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In another sign that the U.S. Senate is racing the clock to the end of the year and adjusting to life under a new set of rules, senators confirmed one of President Obama's picks to serve on a key federal court, acting in the middle of the night Thursday amid Republican objections to changes in Senate procedural rules.

Shortly before 1 a.m. Thursday, the Senate confirmed Cornelia "Nina" Pillard 51 to 44 to serve on the U.S. Court of Appeals for the District of Columbia Circuit. Pillard will be the second of three picks by Obama to join what many legal experts consider the second-most-important federal court in the nation because it handles cases regarding federal regulations.

But three moderate Democratic senators -- Joe Donnelly (Ind.), Joe Manchin III (W. Va.) and Mark Pryor (Ark.) -- voted with 41 Republican senators against Pillard amid concerns among conservatives about her views on abortion rights and the Constitution.

A Supreme Court scholar at Georgetown University, Pillard has argued dozens of cases before the Supreme Court and other federal courts. She will be the fifth active female judge on the D.C. Circuit, a record high.

Obama acknowledged Pillard's historic appointment in a statement early Thursday, noting that she defended the constitutionality of the Family and Medical Leave Act before the Supreme Court. "I'm confident she will be a diligent, thoughtful and judicious addition to the D.C. Circuit," Obama said.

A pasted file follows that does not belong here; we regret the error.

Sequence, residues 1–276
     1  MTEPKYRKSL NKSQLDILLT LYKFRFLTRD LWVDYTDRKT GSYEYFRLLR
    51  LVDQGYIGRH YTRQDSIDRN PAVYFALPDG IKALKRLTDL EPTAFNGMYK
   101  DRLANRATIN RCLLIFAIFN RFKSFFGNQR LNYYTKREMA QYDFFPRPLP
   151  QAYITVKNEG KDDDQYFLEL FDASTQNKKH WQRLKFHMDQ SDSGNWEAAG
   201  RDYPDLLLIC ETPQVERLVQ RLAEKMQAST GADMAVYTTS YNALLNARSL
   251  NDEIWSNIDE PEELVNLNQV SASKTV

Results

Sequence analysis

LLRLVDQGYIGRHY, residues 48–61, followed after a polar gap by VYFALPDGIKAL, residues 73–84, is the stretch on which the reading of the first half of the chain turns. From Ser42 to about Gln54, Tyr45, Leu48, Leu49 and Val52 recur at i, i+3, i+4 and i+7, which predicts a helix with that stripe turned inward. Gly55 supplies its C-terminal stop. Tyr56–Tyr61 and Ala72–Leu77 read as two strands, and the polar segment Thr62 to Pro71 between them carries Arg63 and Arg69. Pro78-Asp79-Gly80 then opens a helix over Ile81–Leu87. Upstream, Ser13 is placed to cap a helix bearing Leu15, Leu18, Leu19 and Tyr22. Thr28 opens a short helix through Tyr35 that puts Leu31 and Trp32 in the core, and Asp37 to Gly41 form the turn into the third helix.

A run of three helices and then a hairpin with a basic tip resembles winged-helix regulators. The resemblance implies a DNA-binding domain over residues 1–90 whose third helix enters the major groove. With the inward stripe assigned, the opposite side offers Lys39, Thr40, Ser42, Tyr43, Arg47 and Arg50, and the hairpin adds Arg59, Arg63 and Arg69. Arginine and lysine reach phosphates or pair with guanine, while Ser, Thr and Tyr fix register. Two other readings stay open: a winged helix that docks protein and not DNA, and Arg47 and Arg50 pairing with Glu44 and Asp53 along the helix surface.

Five senators did not cast votes on the Pillard nomination early Thursday.

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Around 9 a.m. senators confirmed Chai Rachel Feldblum, one of Obama's picks to serve on the Equal Employment Opportunity Commission, and later Elizabeth Wolford, to serve as a federal district court judge in Buffalo.

The votes are happening at odd hours as Republicans continue objecting to the decision by Democrats last month to change Senate procedure regarding the confirmation of most executive branch and judicial nominees. Republicans warned when Democrats voted to change the rules that they would use all other procedural tactics at their disposal to slow the consideration of nominees, including declining to yield back hours of time set aside for each nominee, as historically has been the practice.

Later Thursday and into Friday, senators will continue with procedural and final confirmation votes on three nominees to serve on U.S. district courts in Montana and New Hampshire; on Deborah Lee James to serve as secretary of the Air Force; Heather Higginbottom to serve as the deputy secretary of state for management; and Anne Patterson, to serve as an assistant secretary of state for Near Eastern Affairs.

At some point Friday, the Senate will begin debating the nomination of Jeh C. Johnson to serve as the next Homeland Security secretary. Aides said the Senate likely would break overnight Friday and return Saturday afternoon for a final vote on Johnson's confirmation.

The Senate will then return next week to finish up work on budget and defense policy bills and possibly other nominees, aides said.

Updated 11:13 a.m.